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The funny thing about kids games is that they didn't really exist until quite recently, at least not as a distinct sub-section of videogaming. For many years there were simply games, and almost all of them were suitable for kids even when they weren't specifically designed for them.
It's only in the last few hardware generations, with the rise of increasingly realistic graphics and gameworlds, that gaming has begun to leave the younger player behind. Take the old scrolling shooters and fighting games like Gryzor and Renegade. Remake them in a modern context, and the violence becomes prohibitively explicit.
This has meant that pre-teens have largely become a secondary market for an industry that too often sees more money in pandering to the adolescent with boobs, swearing and gore. Kids games, by and large, now only exist because they're tied to some new cartoon or animated movie; interactive brand extensions that only occasionally seem interested in delivering a polished and well designed gameplay experience.
So therefore the idea of coming up with a list of the 10 best children's games proves rather tricky. Modern efforts rarely aspire to the sort of standard that would warrant such praise, while if you look too far back you discover that pretty much any game can be passed off under the broad banner "For Kids".
With that in mind, what we present here is less of a definitive chart rundown, and more of a celebration of 10 great games, drawn from the last three decades. Some of the entries may surprise you, some of the omissions may infuriate you, but they all illustrate some of the core ideas and elements that go towards making a kids game great.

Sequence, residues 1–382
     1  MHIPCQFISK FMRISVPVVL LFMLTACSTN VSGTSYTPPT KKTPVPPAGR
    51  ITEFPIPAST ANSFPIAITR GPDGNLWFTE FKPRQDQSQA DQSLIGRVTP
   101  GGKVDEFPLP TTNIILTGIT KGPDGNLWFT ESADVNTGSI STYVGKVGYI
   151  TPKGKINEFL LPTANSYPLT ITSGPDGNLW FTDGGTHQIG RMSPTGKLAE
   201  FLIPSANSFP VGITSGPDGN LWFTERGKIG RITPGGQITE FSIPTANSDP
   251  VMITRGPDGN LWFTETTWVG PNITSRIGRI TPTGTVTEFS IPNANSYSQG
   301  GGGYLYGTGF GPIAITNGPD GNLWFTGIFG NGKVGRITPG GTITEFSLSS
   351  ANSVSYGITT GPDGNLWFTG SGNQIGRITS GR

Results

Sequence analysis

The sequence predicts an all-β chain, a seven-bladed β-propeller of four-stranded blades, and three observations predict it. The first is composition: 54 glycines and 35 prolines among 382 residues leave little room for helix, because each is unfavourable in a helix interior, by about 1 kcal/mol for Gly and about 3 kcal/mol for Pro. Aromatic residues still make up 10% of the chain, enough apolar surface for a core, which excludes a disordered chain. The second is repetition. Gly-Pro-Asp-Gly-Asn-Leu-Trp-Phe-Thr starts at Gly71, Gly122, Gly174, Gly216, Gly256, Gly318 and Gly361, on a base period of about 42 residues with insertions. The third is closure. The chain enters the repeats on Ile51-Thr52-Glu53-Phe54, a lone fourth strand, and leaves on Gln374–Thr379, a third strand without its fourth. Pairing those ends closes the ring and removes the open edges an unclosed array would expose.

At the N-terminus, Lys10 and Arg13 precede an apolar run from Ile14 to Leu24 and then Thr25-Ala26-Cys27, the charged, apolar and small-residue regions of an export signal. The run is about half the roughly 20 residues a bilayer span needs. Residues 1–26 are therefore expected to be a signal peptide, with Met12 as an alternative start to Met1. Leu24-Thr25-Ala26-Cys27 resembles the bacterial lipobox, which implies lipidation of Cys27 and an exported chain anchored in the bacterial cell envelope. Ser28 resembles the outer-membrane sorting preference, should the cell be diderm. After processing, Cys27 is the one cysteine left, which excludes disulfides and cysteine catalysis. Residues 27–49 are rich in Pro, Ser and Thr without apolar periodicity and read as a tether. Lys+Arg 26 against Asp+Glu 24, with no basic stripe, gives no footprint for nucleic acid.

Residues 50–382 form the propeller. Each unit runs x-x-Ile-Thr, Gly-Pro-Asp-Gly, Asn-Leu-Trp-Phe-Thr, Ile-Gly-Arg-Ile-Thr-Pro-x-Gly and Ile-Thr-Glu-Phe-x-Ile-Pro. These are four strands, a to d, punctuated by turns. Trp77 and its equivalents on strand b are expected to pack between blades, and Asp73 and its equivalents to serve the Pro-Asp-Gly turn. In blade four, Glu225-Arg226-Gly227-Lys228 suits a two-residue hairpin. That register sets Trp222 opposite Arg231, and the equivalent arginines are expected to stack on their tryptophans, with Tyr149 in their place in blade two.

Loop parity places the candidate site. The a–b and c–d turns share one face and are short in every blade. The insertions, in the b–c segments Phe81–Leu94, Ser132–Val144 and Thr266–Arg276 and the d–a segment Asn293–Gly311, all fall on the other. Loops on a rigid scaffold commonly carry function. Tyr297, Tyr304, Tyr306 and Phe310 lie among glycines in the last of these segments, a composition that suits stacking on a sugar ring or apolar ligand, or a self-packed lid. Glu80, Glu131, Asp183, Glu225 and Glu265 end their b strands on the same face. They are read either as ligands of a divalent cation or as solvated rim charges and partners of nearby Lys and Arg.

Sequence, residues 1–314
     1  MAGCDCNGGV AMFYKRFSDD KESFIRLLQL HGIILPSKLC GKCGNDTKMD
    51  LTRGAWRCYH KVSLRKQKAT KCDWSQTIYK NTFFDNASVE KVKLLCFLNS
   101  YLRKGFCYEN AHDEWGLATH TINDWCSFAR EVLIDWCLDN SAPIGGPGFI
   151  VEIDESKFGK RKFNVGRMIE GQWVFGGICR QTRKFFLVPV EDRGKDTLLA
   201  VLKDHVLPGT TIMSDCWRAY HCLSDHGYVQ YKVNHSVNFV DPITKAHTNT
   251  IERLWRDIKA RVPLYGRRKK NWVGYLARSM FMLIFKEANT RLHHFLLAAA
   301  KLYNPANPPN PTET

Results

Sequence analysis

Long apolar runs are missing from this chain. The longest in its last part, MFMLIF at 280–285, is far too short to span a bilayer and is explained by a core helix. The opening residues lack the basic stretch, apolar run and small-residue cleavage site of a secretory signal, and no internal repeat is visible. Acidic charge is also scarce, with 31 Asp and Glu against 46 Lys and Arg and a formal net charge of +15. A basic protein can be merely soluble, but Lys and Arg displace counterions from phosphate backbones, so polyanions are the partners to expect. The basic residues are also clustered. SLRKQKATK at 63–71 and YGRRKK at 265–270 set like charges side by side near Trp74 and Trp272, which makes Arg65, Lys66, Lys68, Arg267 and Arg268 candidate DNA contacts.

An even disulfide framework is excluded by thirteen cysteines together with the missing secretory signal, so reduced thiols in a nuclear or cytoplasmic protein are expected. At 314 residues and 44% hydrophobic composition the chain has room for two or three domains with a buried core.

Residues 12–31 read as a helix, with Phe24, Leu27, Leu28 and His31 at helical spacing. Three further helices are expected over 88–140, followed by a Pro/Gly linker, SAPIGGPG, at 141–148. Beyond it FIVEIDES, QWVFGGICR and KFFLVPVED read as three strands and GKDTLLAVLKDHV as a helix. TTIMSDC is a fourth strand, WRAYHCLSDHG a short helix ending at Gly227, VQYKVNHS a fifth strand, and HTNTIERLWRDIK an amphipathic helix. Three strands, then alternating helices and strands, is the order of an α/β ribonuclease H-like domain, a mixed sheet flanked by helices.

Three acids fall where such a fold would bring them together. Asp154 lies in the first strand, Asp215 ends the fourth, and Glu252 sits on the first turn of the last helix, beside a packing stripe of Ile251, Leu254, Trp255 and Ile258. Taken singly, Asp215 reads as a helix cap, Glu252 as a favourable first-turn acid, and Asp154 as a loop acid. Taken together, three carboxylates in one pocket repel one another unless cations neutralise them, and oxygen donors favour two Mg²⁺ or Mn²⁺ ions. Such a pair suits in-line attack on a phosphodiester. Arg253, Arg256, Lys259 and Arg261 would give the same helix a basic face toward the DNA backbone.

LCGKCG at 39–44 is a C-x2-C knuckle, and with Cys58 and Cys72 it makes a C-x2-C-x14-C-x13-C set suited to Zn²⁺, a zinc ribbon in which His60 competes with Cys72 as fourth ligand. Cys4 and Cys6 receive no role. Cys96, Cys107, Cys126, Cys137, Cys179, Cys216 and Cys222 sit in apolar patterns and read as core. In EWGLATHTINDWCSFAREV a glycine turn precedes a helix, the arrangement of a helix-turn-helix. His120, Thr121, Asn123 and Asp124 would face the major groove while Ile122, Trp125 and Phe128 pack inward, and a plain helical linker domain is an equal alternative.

- Namco, 1980
Most of the very early arcade classics are still capable of entrancing younger players, simply because their gameplay ideas are so simple and pure. Goals and objectives are impossible to misread, and there's virtually no chance of any player being confused as to what they need to do, or how they need to do it.
Yet despite this simplicity, Pac-Man punches above its weight even today. Tough but fun. Manic but measured. Pac-Man is probably the classic arcade title that has the most instant appeal for the pre-teen audience regardless of the year. It is, after all, essentially a digitised take on the timeless playground tradition of chasing each other around and screaming.
It's tag, in other words. Kids love the thrill of pursuit, their vestigial fight-or-flight instinct yet to be dulled by adult complacency, and so guiding Pac around the maze with ghosts on their trail is something they instinctively respond to. Little wonder that the game has endured in downloads and TV games, virtually unchanged, for 30 years.
- Microsphere, 1985
This ZX Spectrum classic provides a pioneering example of a vital ingredient in kids gaming: empowerment. Set loose in a high school, and forced to bunk off lessons and roam the corridors with catapult to hand, this taps into a Bash Street notion of benign rule-breaking that is still enormously empowering for an audience whose lives are still dictated almost entirely by adults.
Giving players the option to rename the teachers and pupils, and write on the blackboards, was therefore a stroke of uncommon genius, an experiment in early user-generated content that still elicits a warm sigh of nostalgia from retro-minded gamers. The sequel, Back to Skool, was even better; opening out the gameworld beyond the small school layout and giving you more to do than just ping catapult shots off flashing shields.
The stiff 8-bit controls may prove to be a barrier for today's gamers, though the excellent Klass of '99 freeware remake retains all the charm of the original, with cleaner visuals and smoother control. Extra house points all round.
Zombies Ate My Neighbors
- Konami, 1993
Developed by Lucasarts, and released simply as Zombies in Europe, this top-down shooter succeeds by tapping into the same vein of kid-friendly ghoulish humour that has kept Scooby Doo in active circulation since the 1960s. As with Pac-Man, the premise is simple - shoot monsters, save neighbours - and a large part of the game's appeal comes from the delicious panic of being chased.